Zigeunerweisen for violin and orchestra or piano (Op.20) (feat. Royal Liverpool Philharmonic Orchestra & Vasily Petrenko)
Pablo Martín Melitón de Sarasate y Navazcués was a Spanish composer and virtuoso violinist who contributed on both counts to the creative life of late 19th-century Paris. To name just the pieces dedicated to him that are still current – the Third Violin Concerto and the Introduction and Rondo capriccioso by Saint-Saëns, Lalo’s Symphonie espagnole, Bruch’s Scottish Fantasy, Wieniawski’s Second Concerto – is to indicate the leverage effect of his genius, but it went further than a queue of composers wanting him to play their music: his technical advice as well as his personal performing style often helped to shape other composers’ solo parts.
Nowadays, except to violinists and their followers who have seen a recent revival of interest, Sarasate himself is the author of Zigeunerweisen and the ‘Carmen’ Fantasy. He wrote many more pieces for violin with piano or orchestra, which were popular with players as well as audiences in his day as they embodied a way of playing that he understood better than anybody else.
Overwhelmingly, Sarasate the performer was the historic figure. He was born on 10 March 1844 in Pamplona, where his father, a bandmaster, taught him from the age of 5. Within three years he had given a concert that secured him patronage for study in Madrid.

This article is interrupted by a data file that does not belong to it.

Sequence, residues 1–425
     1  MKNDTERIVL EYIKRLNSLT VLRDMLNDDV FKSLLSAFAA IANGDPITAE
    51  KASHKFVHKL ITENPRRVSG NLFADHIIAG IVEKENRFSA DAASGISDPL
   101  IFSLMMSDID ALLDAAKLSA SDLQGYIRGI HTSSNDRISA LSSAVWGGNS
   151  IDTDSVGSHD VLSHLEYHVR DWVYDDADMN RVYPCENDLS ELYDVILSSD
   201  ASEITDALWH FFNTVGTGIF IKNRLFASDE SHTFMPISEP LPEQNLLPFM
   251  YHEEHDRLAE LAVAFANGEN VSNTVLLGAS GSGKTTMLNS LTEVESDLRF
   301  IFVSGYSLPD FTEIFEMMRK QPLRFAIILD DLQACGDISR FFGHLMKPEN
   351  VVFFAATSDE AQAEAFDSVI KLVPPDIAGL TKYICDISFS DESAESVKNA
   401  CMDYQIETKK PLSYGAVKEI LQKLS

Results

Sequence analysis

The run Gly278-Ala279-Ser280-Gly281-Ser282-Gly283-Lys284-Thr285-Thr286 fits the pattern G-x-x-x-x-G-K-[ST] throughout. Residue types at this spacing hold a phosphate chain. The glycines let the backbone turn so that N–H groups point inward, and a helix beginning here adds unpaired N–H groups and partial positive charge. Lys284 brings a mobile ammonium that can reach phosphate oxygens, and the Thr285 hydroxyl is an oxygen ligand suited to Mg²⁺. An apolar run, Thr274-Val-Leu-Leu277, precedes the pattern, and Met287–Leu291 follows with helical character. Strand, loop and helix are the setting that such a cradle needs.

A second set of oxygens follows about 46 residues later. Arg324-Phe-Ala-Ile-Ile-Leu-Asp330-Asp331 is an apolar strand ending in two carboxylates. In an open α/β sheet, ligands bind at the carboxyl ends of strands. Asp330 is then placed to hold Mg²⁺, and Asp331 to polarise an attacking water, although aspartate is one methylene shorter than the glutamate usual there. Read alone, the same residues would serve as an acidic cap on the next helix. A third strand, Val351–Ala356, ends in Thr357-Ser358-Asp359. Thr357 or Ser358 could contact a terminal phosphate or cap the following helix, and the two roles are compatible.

At 11 he travelled to Paris, a journey that saw his mother dying of a heart attack and himself suffering cholera, but he made it to the Conservatoire. By his late teens he had begun the life of a touring recitalist. Fine tone, direct expression with little vibrato, and easy delivery were his distinctive traits. He was recorded in 1904 demonstrating what a later reviewer called ‘the fleetest fingers and bow arm in the history of recorded sound’.
It was a degree of accomplishment that surpassed all contemporaries except, perhaps, Joseph Joachim, whose supporters stirred up an atmosphere of rivalry apparently not shared by the violinists themselves – on the contrary, they swapped dedications of pieces. He continued to play chamber music as he rose to stardom. As his tours took him around Europe, across the Atlantic and to South Africa and Asia, he made Paris his base and had his home there decorated by Whistler, who painted his portrait at the same time, though he would return to Pamplona to play at an annual festival. Suffering increasingly from lung problems, he died of bronchitis in Biarritz on 20 September 1908.
Profile © Robert Maycock